Top Ten

April 7, 2009

$50 million for Institute for Quantum Computing

Ottawa announced yesterday a $50-million investment in the Institute for Quantum Computing at the University of Waterloo, as was promised by the Conservatives in the federal election in October. Through the funding, the institute "will be able to build, purchase and recruit the resources needed to lead the world towards the next generation of computer technology." Industry Canada News Release

UQAM strike extends into next week

On Monday, 91% of striking professors at the Université du Québec à Montréal voted in favour of extending their strike to April 14. The faculty want the university to hire 300 more professors, and are seeking wage parity with their counterparts at other Canadian universities. 45 people were arrested early yesterday morning for mischief and trespassing provoking assault after barricading themselves for several hours inside UQAM's main downtown campus building to speak with university officials. Montreal Gazette | CBC

Layoff worries soar at uCalgary

4 non-academic positions have been terminated at the University of Calgary's fine arts faculty, prompting a widespread concern about further job cuts across campus. The Alberta Union of Provincial Employees, which represents 4,500 non-academic staff at the university, has seen over 8 of its positions cut in the last 2 months, including those in the fine arts faculty. A uCalgary official says faculties are looking for ways to meet a funding freeze next year, but there has been no word of wider layoffs. Calgary Herald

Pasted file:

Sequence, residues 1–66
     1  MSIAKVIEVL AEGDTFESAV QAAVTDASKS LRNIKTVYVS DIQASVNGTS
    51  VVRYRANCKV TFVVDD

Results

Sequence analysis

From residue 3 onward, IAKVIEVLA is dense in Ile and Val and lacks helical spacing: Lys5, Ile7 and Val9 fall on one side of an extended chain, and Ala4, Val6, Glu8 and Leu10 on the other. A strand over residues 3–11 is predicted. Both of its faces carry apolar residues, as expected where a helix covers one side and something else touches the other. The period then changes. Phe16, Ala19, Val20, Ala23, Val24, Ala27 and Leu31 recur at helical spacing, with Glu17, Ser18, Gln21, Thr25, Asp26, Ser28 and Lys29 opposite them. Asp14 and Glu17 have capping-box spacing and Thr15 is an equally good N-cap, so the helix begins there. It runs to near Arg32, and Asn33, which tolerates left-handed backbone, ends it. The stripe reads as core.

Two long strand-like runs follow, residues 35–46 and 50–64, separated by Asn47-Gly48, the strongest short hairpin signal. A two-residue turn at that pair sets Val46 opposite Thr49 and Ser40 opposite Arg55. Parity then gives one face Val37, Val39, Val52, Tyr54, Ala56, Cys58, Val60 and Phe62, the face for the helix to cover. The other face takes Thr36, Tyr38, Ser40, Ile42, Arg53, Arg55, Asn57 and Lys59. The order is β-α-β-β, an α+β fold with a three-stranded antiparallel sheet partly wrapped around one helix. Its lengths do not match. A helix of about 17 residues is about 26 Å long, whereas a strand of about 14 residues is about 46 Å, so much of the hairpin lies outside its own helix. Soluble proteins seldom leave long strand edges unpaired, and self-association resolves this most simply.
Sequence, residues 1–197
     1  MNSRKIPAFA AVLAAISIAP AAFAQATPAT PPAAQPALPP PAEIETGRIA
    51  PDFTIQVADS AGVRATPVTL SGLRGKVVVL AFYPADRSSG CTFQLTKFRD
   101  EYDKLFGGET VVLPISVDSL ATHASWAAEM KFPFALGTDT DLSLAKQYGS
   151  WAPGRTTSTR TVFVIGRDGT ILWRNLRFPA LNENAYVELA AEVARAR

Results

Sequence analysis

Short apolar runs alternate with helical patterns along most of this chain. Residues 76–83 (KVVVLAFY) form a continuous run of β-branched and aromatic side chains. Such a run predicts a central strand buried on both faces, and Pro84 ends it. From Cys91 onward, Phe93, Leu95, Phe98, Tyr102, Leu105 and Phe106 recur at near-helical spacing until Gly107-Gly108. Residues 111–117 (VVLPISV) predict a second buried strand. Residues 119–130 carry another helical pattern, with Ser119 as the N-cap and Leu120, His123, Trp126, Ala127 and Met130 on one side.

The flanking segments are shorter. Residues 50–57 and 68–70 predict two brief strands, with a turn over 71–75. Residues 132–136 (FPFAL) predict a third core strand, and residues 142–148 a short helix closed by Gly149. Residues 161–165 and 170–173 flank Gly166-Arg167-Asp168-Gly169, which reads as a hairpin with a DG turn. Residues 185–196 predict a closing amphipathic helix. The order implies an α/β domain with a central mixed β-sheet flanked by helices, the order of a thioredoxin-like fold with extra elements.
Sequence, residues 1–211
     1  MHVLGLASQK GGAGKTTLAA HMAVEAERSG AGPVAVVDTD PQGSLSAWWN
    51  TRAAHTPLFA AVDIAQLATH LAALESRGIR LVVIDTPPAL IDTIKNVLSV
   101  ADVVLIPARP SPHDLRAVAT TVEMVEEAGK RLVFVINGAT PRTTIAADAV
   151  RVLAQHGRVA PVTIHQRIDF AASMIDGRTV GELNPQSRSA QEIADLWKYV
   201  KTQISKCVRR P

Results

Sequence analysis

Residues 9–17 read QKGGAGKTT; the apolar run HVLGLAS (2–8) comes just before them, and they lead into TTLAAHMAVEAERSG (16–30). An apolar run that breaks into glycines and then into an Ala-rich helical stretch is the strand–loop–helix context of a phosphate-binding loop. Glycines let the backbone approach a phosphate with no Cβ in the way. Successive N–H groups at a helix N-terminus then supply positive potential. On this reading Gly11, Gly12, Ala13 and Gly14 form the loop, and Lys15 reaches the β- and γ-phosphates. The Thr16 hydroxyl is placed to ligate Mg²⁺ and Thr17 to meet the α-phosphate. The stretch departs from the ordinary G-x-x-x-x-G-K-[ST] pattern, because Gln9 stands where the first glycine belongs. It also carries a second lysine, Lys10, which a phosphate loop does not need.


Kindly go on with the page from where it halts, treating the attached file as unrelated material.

Plane stolen from Confederation College flown into US

A 31-year-old Thunder Bay man is in custody in southern Missouri after he stole a Cessna 172 Skyhawk from Confederation College Monday afternoon and was chased by 2 F-16 fighter jets for several hours before ending the journey in Missouri. It is reported that the man, identified as Adam Dylan Leon, a student at the college, was hoping the military would shoot him down because he wanted to commit suicide. Leon is charged with one count of unlawfully entering the US, and could face up to one year in jail if found guilty. Confederation College News Release | Globe and Mail | Toronto Star | CanWest News Service | CBC

uToronto arts and science faculty approves flat tuition fee

On Monday, the University of Toronto's faculty of arts and science council passed a motion to implement a flat tuition fee that would charge full-time students for 5 courses, regardless of how many classes they take. Starting this fall, the faculty would charge students for 5 courses, whether they take 4, 5, or 6. In 2011, the flat fee would extend to those enrolled in just 3. Later this month, the plan will go before uToronto's business board, then go to its governing council in May for final approval. Toronto Star

89% of Ontario college graduates find work soon after graduation